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to the border and back

Last weekend, Naina, Sukrat, and I traveled to the border city of Amritsar. Though we thoroughly enjoyed our chance meetings with a self-proclaimed saint, Sant, a Frenchman, and a group of proud Indian grad students, each stop was marked by sorrow.
We began at Jallianwala Bagh, a garden that was the site of a 1919 massacre of Indians. British troops fired on the crowd that had gathered to commemorate the religious new year, leading to people throwing themselves into a well to escape the relentless fire of bullets. After a lunchtime intermission at the Langar Canteen at the Golden Temple where meals are offered free of cost to anyone, we continued to the Indo-Pak border crossing known as the Wagah Border. The atmosphere was festive, replete with music, dancing, and cheering. Only after my initial excitement did I realize that the crowd was also jeering at the Pakistanis across the border. Indian soldiers held back the crowd of rowdy boys quickly becoming vengeful men. We left early, sad to see hatred propagated. Our final destination, the Golden Temple, has its own horrid history dating back only to 1984. Then Prime Minister, Indira Gandhi, ordered Indian troops to invade the Sikh temple where suspected terrorists had been hiding. Gandhi's Sikh bodyguard assassinated the PM shortly thereafter which led to anti-Sikh rioting in Delhi, resulting in the deaths of up to 4,000 innocent Sikhs.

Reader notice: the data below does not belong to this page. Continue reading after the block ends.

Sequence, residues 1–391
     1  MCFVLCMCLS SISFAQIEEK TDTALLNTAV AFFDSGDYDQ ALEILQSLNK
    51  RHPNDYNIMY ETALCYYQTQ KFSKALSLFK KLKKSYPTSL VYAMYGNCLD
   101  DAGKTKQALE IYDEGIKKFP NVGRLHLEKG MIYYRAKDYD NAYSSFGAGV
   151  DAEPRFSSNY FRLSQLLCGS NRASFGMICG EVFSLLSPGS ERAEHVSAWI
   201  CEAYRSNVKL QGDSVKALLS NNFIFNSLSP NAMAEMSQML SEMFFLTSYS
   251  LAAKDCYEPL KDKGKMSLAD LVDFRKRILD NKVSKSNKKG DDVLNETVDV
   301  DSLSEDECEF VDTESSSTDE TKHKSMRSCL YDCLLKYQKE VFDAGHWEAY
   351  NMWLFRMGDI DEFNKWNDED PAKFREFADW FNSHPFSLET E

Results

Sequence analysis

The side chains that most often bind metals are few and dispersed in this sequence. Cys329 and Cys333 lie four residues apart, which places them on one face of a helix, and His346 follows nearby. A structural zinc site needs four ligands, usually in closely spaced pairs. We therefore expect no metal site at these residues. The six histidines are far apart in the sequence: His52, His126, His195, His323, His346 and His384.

So where does that leave us now? For me, these visits served as a reminder that the world we live in today faces very real threats to peace. Whether religiously-based like the attacks on Sikhs and, more recently, attacks on churches in Orissa, or racially-based like the Jallianwala Bagh Massacre and, more recently, Darfur and now Chad, when will it end? How can we enable an end to grievous devastation and heart ache? I pray that we examine our hearts to determine how to promote righteousness.


april said...

Thank God for you. (Thank God you pulled yourself out of our corporate blackhole to find meaning in the world.)

I was a Salman Rushdie devotee in college, and I've always been curious about the historical accuracy of 'Midnight's Children.' Are you familiar with that at all?

SHiNE said...

In my attempts to prepare myself for this trip (and may I add there was nothing that could have adequately prepared me for this!), I began Midnight's Children and never finished it. But the influence of Britain and lingering bitterness is very real, in my experience.